What is Cupping and Why is it Good For You?
As a Somatic Sex Educator, with a mission to heal sexual shame and empower people to reclaim their wild, innate erotic intelligence, one of the foundational practices I teach all my clients and students is a practice called “Cupping.”
It’s most likely not the kind of cupping you’re thinking of if you’ve tried cupping therapy as prescribed in Chinese medicine.
The kind of cupping I’m about to tell you about, you can do entirely by yourself and you don’t need any equipment! And cupping is also fun to do with partners.
Cupping is the practice of holding your genitals with your hand(s) to generate awareness and intimate contact as well as nervous system regulation. That’s right, you can (and often do subconsciously) regulate (and dis-regulate) your nervous system through contact with your genitals (and other parts of your body and breath).
In addition to being a potential source of great pleasure and arousal, our genitals can also be a great source of comfort and relaxation. This is why as very young children, we often make contact with this place on our body – not only for the pleasure it brings, but also for the comfort. That is, if we are not impeded by our caregivers’ discomfort or awkward looks, or worse, outright judgment and shaming of our natural impulses to reach for this area.
Unfortunately all too often, when we are young, we are discouraged from touching this place on our bodies. Or we are told that it is dirty or inappropriate or wrong. We can become confused by this, because somatically, if not consciously, we experience this place in our bodies to be a great resource.
By somatically, I mean informed by the soma or body, which includes the nervous system. The branch of the autonomic nervous system, which controls bodily functions that happen when we are relaxed and at ease – the parasympathetic nervous system – is also the same branch that controls sexual arousal.
When we know how to regulate our nervous systems, not only do we feel better generally speaking, but we also tend to have better, more pleasurable sex.
Cupping is a wonderful practice for nervous system regulation, among other things.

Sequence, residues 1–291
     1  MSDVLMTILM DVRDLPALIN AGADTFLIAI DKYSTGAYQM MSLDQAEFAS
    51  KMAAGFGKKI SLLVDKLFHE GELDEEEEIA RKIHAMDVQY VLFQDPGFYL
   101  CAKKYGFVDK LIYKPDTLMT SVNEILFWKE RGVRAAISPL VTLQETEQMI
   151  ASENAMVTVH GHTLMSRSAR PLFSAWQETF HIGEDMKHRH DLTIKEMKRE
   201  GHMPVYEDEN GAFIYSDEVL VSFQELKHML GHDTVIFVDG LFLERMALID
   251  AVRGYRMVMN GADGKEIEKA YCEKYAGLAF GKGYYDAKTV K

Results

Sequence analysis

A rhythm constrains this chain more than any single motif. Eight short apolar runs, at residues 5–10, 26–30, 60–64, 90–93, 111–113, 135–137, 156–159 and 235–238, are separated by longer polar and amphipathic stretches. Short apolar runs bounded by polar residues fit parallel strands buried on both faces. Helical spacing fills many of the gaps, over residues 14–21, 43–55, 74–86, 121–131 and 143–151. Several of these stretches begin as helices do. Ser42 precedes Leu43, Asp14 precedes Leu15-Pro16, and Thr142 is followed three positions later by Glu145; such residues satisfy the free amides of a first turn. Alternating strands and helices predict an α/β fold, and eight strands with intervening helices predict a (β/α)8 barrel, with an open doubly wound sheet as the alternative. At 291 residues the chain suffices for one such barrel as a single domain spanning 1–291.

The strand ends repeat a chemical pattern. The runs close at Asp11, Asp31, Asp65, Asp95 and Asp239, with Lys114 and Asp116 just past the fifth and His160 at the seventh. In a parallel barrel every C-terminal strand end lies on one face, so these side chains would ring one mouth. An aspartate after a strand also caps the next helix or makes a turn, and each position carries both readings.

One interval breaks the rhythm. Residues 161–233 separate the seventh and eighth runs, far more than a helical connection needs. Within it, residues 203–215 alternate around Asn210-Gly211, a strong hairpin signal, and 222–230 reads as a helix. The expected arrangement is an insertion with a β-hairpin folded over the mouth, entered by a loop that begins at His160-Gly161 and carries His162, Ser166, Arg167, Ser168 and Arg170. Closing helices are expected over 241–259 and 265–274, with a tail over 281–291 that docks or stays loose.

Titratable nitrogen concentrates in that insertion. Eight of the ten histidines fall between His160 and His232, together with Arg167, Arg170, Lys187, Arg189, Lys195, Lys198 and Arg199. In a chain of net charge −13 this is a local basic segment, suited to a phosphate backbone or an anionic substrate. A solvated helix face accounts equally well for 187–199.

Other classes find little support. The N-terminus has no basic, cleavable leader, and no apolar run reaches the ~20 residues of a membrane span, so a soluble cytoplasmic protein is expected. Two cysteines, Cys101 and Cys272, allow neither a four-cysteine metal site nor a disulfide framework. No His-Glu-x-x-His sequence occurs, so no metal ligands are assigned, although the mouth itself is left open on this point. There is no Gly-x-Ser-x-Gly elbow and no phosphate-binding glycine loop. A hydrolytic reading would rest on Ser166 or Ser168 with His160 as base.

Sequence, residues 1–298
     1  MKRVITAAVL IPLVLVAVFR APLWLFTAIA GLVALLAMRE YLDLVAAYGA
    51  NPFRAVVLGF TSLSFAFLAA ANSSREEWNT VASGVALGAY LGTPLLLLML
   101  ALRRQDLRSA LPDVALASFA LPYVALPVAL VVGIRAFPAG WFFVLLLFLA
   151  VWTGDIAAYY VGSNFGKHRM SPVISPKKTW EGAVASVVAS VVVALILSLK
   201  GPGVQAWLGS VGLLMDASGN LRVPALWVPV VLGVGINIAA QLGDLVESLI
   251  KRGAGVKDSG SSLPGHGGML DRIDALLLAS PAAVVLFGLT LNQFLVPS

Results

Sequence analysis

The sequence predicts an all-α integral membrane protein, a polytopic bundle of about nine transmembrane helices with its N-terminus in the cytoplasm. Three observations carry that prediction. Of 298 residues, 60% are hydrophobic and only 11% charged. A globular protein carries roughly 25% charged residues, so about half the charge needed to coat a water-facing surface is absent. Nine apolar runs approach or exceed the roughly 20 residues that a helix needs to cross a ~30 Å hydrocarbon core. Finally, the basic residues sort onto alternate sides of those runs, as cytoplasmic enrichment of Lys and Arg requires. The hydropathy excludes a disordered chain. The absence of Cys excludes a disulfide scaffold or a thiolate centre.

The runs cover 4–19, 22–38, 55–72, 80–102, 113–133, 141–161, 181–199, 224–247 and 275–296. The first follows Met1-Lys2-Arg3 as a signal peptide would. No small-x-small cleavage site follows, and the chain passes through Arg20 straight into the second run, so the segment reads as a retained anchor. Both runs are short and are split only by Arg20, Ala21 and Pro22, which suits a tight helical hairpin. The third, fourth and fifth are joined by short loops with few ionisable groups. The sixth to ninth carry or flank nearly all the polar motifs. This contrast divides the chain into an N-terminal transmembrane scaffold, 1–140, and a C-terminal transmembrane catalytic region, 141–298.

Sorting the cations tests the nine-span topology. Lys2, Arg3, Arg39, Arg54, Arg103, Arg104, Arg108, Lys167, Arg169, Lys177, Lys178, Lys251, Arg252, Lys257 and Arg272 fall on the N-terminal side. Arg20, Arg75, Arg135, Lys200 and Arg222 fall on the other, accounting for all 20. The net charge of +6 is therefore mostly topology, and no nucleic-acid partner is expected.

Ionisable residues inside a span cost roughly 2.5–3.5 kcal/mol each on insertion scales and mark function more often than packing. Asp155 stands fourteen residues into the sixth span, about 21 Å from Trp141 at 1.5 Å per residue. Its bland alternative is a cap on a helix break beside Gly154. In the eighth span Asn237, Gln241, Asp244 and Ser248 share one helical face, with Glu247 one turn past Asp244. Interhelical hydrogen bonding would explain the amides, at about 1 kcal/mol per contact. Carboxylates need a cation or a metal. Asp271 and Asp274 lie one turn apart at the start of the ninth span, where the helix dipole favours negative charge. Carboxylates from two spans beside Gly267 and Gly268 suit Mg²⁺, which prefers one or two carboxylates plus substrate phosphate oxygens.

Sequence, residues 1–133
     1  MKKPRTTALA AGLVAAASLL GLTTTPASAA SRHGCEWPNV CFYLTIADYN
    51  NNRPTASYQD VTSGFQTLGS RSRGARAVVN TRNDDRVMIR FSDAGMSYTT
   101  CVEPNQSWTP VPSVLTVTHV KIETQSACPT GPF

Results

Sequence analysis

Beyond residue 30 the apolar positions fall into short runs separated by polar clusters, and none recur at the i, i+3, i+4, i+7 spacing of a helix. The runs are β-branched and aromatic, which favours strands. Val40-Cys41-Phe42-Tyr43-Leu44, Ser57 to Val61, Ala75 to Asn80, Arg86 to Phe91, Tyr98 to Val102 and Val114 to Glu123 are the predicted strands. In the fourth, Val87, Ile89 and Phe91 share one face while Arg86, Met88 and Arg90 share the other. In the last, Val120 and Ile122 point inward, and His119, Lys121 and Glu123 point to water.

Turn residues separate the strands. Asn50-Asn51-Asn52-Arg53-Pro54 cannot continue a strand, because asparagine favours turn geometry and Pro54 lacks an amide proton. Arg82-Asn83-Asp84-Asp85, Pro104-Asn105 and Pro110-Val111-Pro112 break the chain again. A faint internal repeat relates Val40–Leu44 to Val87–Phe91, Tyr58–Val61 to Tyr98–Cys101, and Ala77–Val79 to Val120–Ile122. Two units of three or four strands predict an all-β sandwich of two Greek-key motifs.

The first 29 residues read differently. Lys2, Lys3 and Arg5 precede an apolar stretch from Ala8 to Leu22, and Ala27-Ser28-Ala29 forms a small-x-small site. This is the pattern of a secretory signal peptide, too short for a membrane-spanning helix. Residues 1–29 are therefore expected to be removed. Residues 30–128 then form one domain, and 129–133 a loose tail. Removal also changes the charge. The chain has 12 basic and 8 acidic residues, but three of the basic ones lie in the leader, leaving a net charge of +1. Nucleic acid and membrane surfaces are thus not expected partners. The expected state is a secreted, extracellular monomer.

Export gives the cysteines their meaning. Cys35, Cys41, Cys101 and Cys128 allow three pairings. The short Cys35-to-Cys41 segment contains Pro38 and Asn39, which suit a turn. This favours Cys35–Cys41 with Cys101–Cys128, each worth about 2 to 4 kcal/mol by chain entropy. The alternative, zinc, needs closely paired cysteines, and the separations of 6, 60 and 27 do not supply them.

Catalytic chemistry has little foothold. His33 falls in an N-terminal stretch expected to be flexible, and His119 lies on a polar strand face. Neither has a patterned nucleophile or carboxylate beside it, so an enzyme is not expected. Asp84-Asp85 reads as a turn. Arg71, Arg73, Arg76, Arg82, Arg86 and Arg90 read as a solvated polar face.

I have had countless clients report back to me, after they learn this practice, that they used the practice to ground themselves and to reduce anxiety in stressful situations. Several clients have reported that cupping got them through stressful or turbulent flights. Other clients have said that practicing cupping before or after a stressful meeting or encounter has been very soothing for them. Other clients and myself included, use the practice upon waking or going to bed to connect with this resourceful place in our bodies.
Cupping is also a great way to bring awareness to a place where most of us have been taught to ignore, neglect or pretend doesn’t exist, except for very specific purposes and in very specific contexts (usually only for or when we have sex). Cupping is a way to re-integrate this generative place in our bodies and to eliminate what A.H. Almas refers to as the “genital hole.”
A. H. Almas coined the term 'the genital hole' and describes it as: "the experience of the genital area as a dark, empty hole, with no anatomical parts. The individual feels and sometimes envisions a lack, an absence between the thighs. The experience can be very definite and clear, with the boundaries of the hole clearly demarcated. It almost feels like a physical experience, even though the individual is always aware that the hole is not physical."
It’s not surprising, in our puritanical culture, that we have a phenomenon like the “genital hole.” Just look at Barbie’s and Ken’s genitals (which are anatomically non-existent if you’re not familiar with the popular American dolls) and how the media treats bodies. This is also part of what explains the rise of labiaplasty, a cosmetic surgery where women choose to cut off some or much of their genital labia to look more like Barbie.
Cupping is not always soothing and some people may even find the practice alarming. If we’ve experienced sexual shaming and/or trauma, which unfortunately is most of us, we may be so dissociated from this part of our body that touching it can create feelings of numbness, discomfort, or even (emotional or physical) pain. If this is your experience, please know that you are not alone and that you can reclaim this part of your body as a place of resource, comfort and generativity, as well as pleasure!
I recommend starting this practice with an amount of time that feels doable to you. Even 5 minutes a day is a great way to connect with this part of yourself. You can do it first thing in the morning as you’re waking up or as you’re going to sleep, in the shower, in your meditation practice, or even in your office if you have a private one, or in the car (cautiously!).
Notice what you feel emotionally and physically. What kinds of sensations arise as you connect to this part of yourself. Do certain beliefs or memories arise? If possible, simply notice what you notice without passing judgment on yourself.
Connecting with your genitals through the practice of cupping is a great way to expand your awareness, learn about nervous system regulation and arousal, and free or expand your erotic intelligence.